Tehching Hsieh is a Taiwanese-American performance artist best known for his One Year Performances in the late 1970s – 80s in America. On numerous occasions his work has been read mainly in relation to his own lived experiences as an illegal immigrant. This is in accordance with the genre of performance art’s assumptions, a genre which Jill Johnston phrases as ‘virtually defined by its bias for autobiographical source material’. 4 Meaning, subjectivity in art is something almost immediately read into the work of a given artist, sometimes without their intention or even willingness, and which from then on leads to the impletion of various socio-political, cultural and economic connotations. Despite of inevitably touching on such implications, one can try to extract them in a different light in accordance with Hsieh’s belief that there does not exist a singular, unique way of reading his artworks. Although they were made in a specific environment – New York in the last quarter of the twentieth century, Hsieh’s works can be positioned in a slightly more distinct context.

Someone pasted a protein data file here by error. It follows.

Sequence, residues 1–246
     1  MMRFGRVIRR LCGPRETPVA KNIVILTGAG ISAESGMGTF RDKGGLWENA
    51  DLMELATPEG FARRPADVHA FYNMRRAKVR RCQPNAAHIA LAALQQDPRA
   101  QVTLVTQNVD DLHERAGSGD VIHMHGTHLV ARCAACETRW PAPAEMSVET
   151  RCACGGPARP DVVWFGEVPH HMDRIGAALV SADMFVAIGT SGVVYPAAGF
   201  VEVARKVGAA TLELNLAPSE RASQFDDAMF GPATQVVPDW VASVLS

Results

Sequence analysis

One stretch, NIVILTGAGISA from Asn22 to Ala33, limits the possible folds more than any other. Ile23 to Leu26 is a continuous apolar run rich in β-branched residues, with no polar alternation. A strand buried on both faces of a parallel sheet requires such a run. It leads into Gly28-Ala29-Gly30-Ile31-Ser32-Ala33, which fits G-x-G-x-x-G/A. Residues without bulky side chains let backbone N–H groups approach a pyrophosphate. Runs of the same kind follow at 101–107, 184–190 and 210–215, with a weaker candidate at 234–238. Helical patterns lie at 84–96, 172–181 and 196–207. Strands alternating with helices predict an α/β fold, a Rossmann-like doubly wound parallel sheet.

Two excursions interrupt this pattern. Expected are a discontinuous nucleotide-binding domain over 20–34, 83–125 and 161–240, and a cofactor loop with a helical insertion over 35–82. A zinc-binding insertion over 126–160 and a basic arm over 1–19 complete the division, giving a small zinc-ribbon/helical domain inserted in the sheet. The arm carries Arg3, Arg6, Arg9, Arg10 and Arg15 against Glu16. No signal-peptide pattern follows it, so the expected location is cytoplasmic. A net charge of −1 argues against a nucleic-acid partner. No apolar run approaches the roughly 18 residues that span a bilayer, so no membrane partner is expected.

Critical attention can be turned towards an epistemological understanding of the concept of time, which in Hsieh’s words is ‘a notion of boundlessness’. 5 It is interesting to analyse how his work relates and differs to other performance practices, and to what degree can contemoprary audiences, as receivers of mere traces, claim to understand the work of Tehching Hsieh.
One Year Performances